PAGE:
What types of cannabis extractions exist?

There are two main types of cannabis extractions: mechanical and chemical. As their names indicate, some are obtained by mechanical processes that separate the trichomes or cannabinoids from the flowers, and others by chemical processes that isolate the cannabinoids and terpenes.

The best known mechanical extractions are dry sift, ice-o-lator and rosin. On the other hand, the best known chemical extractions are BHO, RSO and supercritical CO₂ extraction.

In recent years, interest in cannabinoids and terpenes in cannabis has experienced a remarkable boom, largely driven by advances in research and the growing trend of cannabis legalisation in various regions of the world.

Cannabinoids, such as THC and CBD, as well as terpenes, which influence the aroma and taste of the plant, are key compounds that have attracted the attention of both the scientific community and the cannabis industry.

In this article, we will explore the wide variety of extraction techniques used to obtain cannabinoids and terpenes. We will start by detailing mechanical extractions, such as dry hash or buble hash. Afterwards, we will focus on chemical methods such as carbon dioxide extraction (CO₂), butane/propane extraction (BHO) and ethanol extraction.

If you are interested in learning about the various ways in which cannabinoids and terpenes can be extracted, this article will provide you with a comprehensive overview of cannabis extraction methods and their current applications.


Exploring Mechanical Extractions

Mechanical extractions use physics to separate the precious cannabinoids and terpenes from cannabis, i.e. they do not use chemical solvents. Among the most well-known are dry sift or dry hashish, ice-o-lator or water hash and rosin. Each of these extraction methods has its own singularities and brings unique characteristics to the resulting extracts.

  1. Dry sift: This method is based on sieving the cannabis flowers to separate the trichomes from the plant matter. The technique uses meshes of different sizes to filter the particles and retain the trichomes, producing a high quality pollen known as kifi or dry hashish.
  2. Ice-O-Lator: Ice and water extraction is the foundation of this technique. By immersing the flowers in cold water, the trichomes become brittle and separate more easily. The resulting mixture is passed through screens, allowing the collection of pure trichomes, resulting in a product known as bubble hash or ice-o-lator.
  3. Rosin: This is a technique that has gained popularity in recent years. It involves the application of heat and pressure to cannabis flowers, usually using a specialised press with metal plates that are heated to the required temperature. This process extracts high quality resin, dispensing with the use of solvents.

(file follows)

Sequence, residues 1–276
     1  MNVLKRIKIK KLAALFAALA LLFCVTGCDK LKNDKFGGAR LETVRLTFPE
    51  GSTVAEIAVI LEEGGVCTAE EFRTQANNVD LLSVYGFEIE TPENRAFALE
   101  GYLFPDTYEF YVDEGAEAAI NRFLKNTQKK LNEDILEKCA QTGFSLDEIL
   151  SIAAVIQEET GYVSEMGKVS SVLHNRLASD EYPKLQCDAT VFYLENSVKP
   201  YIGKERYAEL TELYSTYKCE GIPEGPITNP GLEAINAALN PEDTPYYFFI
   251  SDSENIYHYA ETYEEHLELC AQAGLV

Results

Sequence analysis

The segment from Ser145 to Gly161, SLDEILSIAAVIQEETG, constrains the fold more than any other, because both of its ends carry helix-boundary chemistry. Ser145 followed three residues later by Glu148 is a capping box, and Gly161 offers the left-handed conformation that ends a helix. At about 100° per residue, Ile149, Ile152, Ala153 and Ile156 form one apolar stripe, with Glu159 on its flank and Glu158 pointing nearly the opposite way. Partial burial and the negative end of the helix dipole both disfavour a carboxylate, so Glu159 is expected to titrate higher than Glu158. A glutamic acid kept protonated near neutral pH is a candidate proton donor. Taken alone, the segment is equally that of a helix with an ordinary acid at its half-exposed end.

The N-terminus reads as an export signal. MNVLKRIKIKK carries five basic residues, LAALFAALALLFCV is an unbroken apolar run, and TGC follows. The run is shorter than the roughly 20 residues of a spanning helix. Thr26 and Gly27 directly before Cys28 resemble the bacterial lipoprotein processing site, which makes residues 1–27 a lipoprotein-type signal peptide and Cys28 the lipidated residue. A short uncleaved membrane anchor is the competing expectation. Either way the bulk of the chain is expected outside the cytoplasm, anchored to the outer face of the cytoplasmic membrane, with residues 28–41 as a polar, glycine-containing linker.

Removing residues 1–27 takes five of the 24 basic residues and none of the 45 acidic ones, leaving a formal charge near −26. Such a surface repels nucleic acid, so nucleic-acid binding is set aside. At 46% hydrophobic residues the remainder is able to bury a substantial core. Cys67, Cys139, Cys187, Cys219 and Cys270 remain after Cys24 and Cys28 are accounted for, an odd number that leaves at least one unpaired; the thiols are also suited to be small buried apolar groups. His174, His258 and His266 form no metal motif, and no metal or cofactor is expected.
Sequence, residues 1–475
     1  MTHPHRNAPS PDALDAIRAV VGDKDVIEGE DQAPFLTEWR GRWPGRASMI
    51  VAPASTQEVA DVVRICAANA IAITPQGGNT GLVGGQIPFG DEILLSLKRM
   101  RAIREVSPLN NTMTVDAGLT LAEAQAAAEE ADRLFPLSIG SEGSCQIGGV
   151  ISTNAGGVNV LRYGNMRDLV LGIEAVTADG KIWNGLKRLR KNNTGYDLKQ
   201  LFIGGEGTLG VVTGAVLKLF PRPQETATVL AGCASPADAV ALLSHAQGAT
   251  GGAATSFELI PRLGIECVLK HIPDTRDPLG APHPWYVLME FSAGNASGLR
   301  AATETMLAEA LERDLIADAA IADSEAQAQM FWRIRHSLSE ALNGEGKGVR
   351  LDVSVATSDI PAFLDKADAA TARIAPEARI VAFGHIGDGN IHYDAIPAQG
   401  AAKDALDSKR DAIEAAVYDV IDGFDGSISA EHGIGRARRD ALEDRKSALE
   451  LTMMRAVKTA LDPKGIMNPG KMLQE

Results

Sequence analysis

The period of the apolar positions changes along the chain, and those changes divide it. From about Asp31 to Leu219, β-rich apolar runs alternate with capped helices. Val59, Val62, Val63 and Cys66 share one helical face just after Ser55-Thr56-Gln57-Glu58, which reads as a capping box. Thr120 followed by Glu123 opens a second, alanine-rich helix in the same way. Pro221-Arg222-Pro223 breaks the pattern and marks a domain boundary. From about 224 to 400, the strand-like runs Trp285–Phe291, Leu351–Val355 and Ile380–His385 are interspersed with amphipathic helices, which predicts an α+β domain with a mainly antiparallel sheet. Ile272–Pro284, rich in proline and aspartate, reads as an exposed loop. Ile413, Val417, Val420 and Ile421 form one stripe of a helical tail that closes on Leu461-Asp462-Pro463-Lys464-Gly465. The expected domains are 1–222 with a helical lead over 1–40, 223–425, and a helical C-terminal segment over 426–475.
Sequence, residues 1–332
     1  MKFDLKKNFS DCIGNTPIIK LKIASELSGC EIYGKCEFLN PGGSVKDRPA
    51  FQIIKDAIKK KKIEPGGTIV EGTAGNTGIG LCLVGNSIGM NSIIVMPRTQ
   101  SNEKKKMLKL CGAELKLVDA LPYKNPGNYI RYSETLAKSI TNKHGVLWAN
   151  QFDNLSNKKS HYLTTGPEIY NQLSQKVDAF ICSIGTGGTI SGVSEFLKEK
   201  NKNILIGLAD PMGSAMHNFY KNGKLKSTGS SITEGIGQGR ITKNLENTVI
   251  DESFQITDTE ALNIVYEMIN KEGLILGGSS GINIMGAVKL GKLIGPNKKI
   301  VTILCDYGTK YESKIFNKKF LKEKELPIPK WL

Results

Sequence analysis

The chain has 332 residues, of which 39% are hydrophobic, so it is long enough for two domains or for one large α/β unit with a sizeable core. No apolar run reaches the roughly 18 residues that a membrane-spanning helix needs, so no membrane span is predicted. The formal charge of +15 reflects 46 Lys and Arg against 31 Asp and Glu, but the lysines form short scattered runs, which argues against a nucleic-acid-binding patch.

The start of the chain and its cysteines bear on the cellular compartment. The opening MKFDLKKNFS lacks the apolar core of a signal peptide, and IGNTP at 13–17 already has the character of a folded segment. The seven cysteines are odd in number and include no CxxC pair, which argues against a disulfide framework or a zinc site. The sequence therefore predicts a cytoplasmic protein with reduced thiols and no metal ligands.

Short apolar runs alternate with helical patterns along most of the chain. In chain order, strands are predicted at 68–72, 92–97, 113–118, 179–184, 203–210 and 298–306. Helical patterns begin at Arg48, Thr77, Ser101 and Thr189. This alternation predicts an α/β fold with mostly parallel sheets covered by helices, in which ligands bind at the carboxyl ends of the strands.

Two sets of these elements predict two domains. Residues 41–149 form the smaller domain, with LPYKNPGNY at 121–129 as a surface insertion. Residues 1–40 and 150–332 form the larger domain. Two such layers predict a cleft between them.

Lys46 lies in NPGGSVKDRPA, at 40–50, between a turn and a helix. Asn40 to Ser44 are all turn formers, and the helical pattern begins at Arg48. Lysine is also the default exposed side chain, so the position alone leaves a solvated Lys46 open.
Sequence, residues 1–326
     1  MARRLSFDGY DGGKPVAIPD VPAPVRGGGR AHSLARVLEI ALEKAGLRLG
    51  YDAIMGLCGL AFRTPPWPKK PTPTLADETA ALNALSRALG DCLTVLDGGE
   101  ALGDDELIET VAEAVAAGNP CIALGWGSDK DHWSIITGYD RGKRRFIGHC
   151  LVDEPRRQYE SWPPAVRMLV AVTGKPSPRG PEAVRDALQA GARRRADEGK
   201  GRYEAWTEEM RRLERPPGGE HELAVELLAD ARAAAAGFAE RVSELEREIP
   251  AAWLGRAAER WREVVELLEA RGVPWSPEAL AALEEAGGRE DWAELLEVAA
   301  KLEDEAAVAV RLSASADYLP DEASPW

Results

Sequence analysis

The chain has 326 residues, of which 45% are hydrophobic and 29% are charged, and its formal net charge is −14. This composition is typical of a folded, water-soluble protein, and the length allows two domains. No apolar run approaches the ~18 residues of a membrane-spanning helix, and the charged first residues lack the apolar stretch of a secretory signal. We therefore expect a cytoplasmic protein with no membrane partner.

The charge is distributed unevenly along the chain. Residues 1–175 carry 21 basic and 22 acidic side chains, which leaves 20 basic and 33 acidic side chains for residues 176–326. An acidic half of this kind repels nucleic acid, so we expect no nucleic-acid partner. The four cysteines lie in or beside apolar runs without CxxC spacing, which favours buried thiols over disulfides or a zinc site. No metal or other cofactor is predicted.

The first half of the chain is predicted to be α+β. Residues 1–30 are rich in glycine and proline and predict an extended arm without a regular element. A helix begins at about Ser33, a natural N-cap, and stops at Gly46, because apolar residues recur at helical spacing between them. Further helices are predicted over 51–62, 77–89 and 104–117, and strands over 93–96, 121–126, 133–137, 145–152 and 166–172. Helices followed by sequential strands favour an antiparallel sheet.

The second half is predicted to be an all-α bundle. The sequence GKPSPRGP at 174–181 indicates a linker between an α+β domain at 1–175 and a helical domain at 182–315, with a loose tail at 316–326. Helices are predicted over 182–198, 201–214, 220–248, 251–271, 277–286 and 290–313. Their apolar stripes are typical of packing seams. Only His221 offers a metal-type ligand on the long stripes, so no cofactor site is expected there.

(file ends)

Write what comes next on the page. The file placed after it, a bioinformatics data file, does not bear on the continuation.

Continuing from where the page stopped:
What are chemical extractions and what types are there?

Now, let’s move on to chemical extraction methods, which involve the use of solvents to isolate cannabinoids and terpenes. These processes allow for greater precision in extraction and a higher concentration of specific compounds.

  1. BHO (butane hash oil): this technique uses butane as a solvent to extract cannabinoids and terpenes from cannabis flowers. Although it is very efficient and can achieve extractions with high cannabinoid percentages easily exceeding 60%, safety is a critical consideration due to the flammability of these gases.
  2. RSO (Rick Simpson oil): Named after Rick Simpson, the person who popularised it, this method uses ethanol as a solvent to obtain a highly concentrated extract. This extraction is known for its potency and versatility, as well as its ease of extraction.
  3. Supercritical CO₂ extraction: using carbon dioxide in a supercritical state, this method is known for its ability to extract compounds selectively without leaving residues, as the CO₂ is converted back into a gas and does not remain in the resulting product. It is the preferred choice in the cannabis industry due to its efficacy and safety.

Broadly speaking, these are the types of extractions that exist, classified according to the procedure used to obtain them. These methods are used both to obtain THC extractions and to produce CBD extractions, such as those you can find in our catalogue.

Finally, we remind you that CBD extractions are not a product intended for human consumption, but a collector’s item. Therefore, any use other than this constitutes an improper use of the product,

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